A writing assignment for a University of Iowa honors class turned into a novel that caught the attention of movie producers and resulted in all 19 students signing a film option with two Hollywood studios.

U-I Professor Harry Stecopoulos says he’s delighted by the development and while he couldn’t disclose the terms of the contract, says his students were thrilled with the deal they brokered. “There was a little bit of wrangling, as you might expect, and I should say, to the students’ great credit, they did their own negotiations with a little bit of advice from an Iowa alum who works for an agent in Los Angeles,” Stecopoulos says. “The undergrads all did their own negotiations and did them very well indeed.”

The students’ collaboration, “Gilded in Ash,” is a new version of what many regard as the greatest novel of the 20th century. The copyright on “The Great Gatsby” expired last year, so Stecopoulos had his students create a completely new telling of the classic 1925 story by F. Scott Fitzgerald. Never did he dream it would result in a film option.

“I had no expectations of this kind whatsoever,” Stecopoulos says. “I hoped they would do a good job and I had no expectations. I’m doing it again with a Hemingway novel in the fall and I fear that the students will expect a similar result, which I can’t guarantee, obviously, but it’s been a wonderful surprise.”

The original plan called for an electronic version of the students’ novel to be released in January through the University of Iowa’s Digital Scholarship and Publishing Studio, with a paperback version this spring. That didn’t happen. “The producers, for understandable reasons, didn’t want a free copy of the book circulating in case, I guess, someone else might want to make a similar film,” he says. “Some of the students are interested in revising, tightening the existing manuscript and then submitting it to conventional publishers, seeing if they can get it in book form.”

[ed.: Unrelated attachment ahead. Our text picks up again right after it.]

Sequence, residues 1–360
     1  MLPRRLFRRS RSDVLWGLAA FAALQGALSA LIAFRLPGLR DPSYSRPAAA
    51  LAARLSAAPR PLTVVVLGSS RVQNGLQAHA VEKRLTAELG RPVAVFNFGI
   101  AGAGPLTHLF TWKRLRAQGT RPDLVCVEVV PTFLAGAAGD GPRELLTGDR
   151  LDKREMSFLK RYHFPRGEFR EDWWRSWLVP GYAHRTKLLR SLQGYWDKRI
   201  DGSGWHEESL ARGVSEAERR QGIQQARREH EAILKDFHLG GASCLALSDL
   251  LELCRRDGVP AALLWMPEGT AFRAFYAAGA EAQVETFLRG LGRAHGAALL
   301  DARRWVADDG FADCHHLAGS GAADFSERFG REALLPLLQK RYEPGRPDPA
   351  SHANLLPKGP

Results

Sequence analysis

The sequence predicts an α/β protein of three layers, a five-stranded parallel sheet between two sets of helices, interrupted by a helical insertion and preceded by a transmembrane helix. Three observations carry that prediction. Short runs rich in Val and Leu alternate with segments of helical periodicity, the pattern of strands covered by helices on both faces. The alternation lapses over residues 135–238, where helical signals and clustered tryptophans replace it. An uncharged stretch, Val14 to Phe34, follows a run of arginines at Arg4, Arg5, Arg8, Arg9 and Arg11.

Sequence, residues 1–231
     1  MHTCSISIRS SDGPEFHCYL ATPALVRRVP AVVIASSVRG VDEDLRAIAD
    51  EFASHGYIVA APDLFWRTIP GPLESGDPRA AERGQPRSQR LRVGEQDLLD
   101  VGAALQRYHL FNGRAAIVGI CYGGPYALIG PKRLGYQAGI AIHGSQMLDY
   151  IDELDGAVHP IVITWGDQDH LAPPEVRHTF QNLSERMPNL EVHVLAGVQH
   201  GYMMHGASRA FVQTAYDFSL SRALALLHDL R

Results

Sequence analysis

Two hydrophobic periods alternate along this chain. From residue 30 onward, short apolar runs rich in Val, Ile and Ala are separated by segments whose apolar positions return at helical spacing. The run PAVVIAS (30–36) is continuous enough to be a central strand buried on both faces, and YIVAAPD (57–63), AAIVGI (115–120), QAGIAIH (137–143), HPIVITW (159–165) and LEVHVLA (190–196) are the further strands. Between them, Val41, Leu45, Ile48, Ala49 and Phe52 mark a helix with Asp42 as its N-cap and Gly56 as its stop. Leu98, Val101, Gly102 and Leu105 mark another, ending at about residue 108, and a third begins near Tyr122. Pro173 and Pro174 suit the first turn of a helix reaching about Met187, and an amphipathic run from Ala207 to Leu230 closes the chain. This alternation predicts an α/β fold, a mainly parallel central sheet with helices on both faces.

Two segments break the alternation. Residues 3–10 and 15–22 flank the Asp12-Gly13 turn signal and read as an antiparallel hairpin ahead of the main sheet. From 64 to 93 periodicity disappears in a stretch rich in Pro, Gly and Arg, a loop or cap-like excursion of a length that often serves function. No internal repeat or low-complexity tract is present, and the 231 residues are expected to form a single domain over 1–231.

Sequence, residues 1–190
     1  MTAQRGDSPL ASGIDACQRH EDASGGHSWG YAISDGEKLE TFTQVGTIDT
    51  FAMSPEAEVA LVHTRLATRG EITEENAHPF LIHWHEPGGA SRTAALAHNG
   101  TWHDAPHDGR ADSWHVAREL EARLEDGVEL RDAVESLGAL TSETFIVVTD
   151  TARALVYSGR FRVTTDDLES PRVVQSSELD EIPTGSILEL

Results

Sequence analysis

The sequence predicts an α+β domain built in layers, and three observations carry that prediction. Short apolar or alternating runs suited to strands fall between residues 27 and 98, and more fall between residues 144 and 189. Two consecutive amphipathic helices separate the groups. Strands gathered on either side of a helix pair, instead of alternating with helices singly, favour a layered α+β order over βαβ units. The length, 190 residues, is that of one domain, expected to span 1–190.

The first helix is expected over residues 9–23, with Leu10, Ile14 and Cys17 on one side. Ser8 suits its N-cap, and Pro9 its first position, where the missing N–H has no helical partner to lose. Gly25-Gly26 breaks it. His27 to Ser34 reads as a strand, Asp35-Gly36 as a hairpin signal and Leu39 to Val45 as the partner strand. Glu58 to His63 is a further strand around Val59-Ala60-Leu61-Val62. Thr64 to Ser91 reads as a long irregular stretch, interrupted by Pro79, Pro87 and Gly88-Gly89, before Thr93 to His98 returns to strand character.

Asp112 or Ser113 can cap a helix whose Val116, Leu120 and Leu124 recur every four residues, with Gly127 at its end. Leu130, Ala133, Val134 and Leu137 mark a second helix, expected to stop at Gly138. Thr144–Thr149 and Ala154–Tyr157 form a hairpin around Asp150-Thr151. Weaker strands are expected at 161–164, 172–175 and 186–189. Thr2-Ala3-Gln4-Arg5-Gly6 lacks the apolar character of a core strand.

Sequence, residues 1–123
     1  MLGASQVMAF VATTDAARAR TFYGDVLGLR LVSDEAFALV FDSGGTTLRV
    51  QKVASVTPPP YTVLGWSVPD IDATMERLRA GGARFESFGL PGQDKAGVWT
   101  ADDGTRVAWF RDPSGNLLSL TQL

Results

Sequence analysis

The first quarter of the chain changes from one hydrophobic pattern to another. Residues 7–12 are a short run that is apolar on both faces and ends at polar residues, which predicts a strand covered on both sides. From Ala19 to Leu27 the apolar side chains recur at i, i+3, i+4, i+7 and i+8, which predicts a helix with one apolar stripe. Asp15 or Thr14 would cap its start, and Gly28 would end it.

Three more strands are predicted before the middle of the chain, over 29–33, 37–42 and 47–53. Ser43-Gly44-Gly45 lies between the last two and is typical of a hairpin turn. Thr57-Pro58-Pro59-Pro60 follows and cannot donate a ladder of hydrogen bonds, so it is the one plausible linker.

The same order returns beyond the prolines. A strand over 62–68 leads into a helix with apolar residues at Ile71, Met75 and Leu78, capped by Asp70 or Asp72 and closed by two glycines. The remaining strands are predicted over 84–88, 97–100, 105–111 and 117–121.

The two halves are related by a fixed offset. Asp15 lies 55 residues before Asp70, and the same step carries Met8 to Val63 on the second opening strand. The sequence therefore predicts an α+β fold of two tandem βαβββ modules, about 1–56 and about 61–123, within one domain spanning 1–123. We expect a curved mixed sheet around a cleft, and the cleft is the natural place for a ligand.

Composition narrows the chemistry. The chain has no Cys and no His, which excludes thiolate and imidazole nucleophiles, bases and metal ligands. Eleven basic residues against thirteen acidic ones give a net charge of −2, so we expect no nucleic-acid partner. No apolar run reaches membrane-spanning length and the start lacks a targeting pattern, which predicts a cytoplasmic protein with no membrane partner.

The film option was signed with Independent Pictures and Fugitive Films, but there’s no guarantee “Gilded in Ash” will ever become a movie. “The film business is fickle,” Stecopoulos says, but he’s confident the movie will be made — eventually. The characters in the new story are “largely the same but it’s a different plot,” Stecopoulos says. “For example, Gatsby is an African-American woman who is an art forger, so a major change there.”

The U-I students’ story is still set in the 1920s and in New York City but he says it’s very much an original account. So what’s the next writing project involve with Hemingway? “It’s ‘The Sun Also Rises,’ published in 1926, and that copyright expires on January 1st of 2022.”

Expiration of the copyright means anyone can publish the book, write a prequel, or adapt it however they’d like.
Stecopoulos notes, there is no payday for him with the upcycled Gatsby tale, as the only reward he craves is in his students’ success.